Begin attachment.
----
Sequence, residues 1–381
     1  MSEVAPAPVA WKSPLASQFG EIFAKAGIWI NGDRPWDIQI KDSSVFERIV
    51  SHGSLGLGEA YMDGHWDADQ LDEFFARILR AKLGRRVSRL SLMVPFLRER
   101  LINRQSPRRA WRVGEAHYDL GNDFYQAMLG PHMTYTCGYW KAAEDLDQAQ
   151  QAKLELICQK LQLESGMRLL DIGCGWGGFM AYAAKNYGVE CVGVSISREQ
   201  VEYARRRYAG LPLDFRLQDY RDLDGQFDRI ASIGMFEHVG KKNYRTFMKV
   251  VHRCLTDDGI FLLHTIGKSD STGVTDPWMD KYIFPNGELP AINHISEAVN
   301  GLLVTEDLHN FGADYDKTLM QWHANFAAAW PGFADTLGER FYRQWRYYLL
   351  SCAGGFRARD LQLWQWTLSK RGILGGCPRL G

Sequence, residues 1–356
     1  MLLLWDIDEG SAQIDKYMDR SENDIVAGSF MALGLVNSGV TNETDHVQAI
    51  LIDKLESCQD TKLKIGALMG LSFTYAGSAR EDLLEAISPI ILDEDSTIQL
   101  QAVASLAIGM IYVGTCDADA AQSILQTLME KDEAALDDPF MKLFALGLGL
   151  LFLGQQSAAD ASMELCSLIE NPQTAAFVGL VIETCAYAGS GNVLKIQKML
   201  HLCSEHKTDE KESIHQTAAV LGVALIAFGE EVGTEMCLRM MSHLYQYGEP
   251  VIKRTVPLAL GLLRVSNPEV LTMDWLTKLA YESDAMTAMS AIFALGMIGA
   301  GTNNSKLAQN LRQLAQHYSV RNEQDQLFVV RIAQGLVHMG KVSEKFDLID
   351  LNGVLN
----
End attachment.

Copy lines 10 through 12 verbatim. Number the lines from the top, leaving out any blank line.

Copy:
Sequence, residues 1–356
     1  MLLLWDIDEG SAQIDKYMDR SENDIVAGSF MALGLVNSGV TNETDHVQAI
    51  LIDKLESCQD TKLKIGALMG LSFTYAGSAR EDLLEAISPI ILDEDSTIQL